Evidence-based surgery for laparoscopic cholecystectomy.
Surgery open science
2022; 10: 116-134
Laparoscopic cholecystectomy is frequently performed for acute cholecystitis and symptomatic cholelithiasis. Considerable variation in the execution of key steps of the operation remains. We conducted a systematic review of evidence regarding best practices for critical intraoperative steps for laparoscopic cholecystectomy.We identified 5 main intraoperative decision points in laparoscopic cholecystectomy: (1) number and position of laparoscopic ports; (2) identification of cystic artery and duct; (3) division of cystic artery and duct; (4) indications for subtotal cholecystectomy; and (5) retrieval of the gallbladder. PubMed, EMBASE, and Web of Science were queried for relevant studies. Randomized controlled trials and systematic reviews were included for analysis, and evidence quality was assessed using the Grading of Recommendations, Assessment, Development, and Evaluation framework.Fifty-two articles were included. Although all port configurations were comparable from a safety standpoint, fewer ports sometimes resulted in improved cosmesis or decreased pain but longer operative times. The critical view of safety should be obtained for identification of the cystic duct and artery but may be obtained through fundus-first dissection and augmented with cholangiography or ultrasound. Insufficient evidence exists to compare harmonic-shear, clipless ligation against clip ligation of the cystic duct and artery. Stump closure during subtotal cholecystectomy may reduce rates of bile leak and reoperation. Use of retrieval bag for gallbladder extraction results in minimal benefit. Most studies were underpowered to detect differences in incidence of rare complications.Key operative steps of laparoscopic cholecystectomy should be informed by both compiled data and surgeon preference/patient considerations.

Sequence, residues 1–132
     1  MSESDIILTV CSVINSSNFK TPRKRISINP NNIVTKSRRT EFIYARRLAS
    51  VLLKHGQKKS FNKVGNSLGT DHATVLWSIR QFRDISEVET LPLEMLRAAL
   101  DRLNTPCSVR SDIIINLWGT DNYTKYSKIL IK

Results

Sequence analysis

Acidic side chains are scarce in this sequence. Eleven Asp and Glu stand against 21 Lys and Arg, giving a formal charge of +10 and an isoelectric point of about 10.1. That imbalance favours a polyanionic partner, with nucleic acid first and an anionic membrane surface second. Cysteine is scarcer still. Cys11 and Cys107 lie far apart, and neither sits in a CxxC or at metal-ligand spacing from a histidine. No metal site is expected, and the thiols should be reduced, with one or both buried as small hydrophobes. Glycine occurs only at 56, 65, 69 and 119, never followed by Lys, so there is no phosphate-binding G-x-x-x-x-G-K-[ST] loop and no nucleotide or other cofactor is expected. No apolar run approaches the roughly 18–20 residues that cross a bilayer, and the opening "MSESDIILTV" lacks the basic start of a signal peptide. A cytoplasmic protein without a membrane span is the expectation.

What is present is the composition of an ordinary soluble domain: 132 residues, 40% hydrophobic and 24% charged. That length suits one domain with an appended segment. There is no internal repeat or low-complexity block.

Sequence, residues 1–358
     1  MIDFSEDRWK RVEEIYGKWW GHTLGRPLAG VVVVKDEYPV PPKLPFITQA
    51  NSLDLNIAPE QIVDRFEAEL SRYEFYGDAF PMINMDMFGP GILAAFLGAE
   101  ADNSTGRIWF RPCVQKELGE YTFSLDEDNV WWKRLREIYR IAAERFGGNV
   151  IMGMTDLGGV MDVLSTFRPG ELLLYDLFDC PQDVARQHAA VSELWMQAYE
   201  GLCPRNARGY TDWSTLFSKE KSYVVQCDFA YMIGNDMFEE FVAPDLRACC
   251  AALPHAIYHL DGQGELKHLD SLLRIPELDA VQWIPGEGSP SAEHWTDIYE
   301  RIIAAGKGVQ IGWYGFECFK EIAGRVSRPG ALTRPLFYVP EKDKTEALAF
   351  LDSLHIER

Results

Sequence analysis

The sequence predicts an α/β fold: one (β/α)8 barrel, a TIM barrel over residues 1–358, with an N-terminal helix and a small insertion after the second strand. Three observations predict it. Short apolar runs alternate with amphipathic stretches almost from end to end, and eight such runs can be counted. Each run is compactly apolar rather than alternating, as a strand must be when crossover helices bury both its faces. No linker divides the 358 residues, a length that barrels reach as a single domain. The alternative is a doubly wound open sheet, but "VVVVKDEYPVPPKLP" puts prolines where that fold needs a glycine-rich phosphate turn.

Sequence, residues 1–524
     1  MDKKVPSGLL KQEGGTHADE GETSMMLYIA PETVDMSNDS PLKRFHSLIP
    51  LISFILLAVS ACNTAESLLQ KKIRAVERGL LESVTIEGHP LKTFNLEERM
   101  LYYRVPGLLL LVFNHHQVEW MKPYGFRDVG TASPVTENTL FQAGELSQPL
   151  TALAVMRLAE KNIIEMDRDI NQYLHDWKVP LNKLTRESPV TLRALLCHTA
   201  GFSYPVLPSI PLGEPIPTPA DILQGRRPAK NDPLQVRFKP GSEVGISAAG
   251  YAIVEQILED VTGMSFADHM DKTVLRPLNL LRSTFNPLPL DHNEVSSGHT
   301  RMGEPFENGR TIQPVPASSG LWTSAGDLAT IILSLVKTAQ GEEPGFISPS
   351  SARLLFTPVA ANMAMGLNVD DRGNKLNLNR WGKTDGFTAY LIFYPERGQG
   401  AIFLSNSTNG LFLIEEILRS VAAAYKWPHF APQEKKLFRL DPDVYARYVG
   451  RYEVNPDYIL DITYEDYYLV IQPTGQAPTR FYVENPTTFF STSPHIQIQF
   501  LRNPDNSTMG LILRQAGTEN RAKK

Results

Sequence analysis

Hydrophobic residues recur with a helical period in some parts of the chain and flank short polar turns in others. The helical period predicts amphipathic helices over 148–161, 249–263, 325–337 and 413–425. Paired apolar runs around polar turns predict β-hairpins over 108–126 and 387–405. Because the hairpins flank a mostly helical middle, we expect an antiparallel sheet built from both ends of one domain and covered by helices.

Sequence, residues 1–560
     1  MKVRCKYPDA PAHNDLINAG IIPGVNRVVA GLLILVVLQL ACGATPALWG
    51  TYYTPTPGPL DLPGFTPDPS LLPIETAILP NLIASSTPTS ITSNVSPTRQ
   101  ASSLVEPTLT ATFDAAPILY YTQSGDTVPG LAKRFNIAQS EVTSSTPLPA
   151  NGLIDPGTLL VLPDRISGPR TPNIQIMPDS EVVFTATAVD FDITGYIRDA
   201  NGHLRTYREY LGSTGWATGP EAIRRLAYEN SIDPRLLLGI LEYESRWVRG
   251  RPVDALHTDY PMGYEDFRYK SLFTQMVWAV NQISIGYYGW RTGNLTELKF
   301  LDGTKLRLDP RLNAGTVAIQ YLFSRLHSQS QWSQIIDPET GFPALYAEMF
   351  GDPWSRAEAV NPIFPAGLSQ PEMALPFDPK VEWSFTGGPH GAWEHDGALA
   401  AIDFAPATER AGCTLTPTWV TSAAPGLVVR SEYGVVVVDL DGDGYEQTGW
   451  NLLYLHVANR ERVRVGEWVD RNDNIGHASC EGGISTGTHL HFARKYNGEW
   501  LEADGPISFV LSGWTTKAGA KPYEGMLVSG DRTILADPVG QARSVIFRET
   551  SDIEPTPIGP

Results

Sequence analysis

View details for DOI 10.1016/j.sopen.2022.08.003
View details for PubMedID 36132940
View details for PubMedCentralID PMC9483801
Scoping review of traumatic hemothorax: Evidence and knowledge gaps, from diagnosis to chest tube removal.
BACKGROUND: Traumatic hemothorax is a common injury that invites diagnostic and management strategy debates. Evidence-based management has been associated with improved care efficiency. However, the literature abounds with long-debated, re-emerging, and new questions. We aimed to consolidate up-to-date evidence on traumatic hemothoraces, focusing on clinical conundra debated in literature.METHODS: We conducted a scoping review of 21 clinical conundra in traumatic hemothorax diagnosis and management according to PRISMA-ScR guidelines. Experimental and observational studies evaluating patients (aged ≥18 years) with traumatic hemothoraces were identified through database searches (PubMed, EMBASE, Web of Science, Cochrane Library; database inception to Sep, 26 2020) and bibliography reviews of selected articles. Three reviewers screened and selected articles using standardized forms.RESULTS: We screened 1,440 articles for eligibility, of which 71 met criteria for synthesis. The review comprises 6 sections: (1) Presumptive antibiotics before tube thoracostomy; (2) Initial diagnostic and intervention decisions; (3) Chest tubes; (4) Retained hemothoraces; (5) Delayed hemothoraces; and (6) Chest tube removal). The 21 conundra across these sections follow the format of a question, our recommendation based on interpretation of available evidence, and succinct rationale. Rationale sections detail knowledge gaps and opportunities for future research.CONCLUSION: Even practices engrained into surgical dogma, such as obtaining chest x-rays after inserting or removing chest tubes and mandating operation for patients who develop chest tube output above a certain threshold, deserve re-evaluation. Some knowledge gaps require rigorous future investigation; sound clinical judgment can likely supplement others.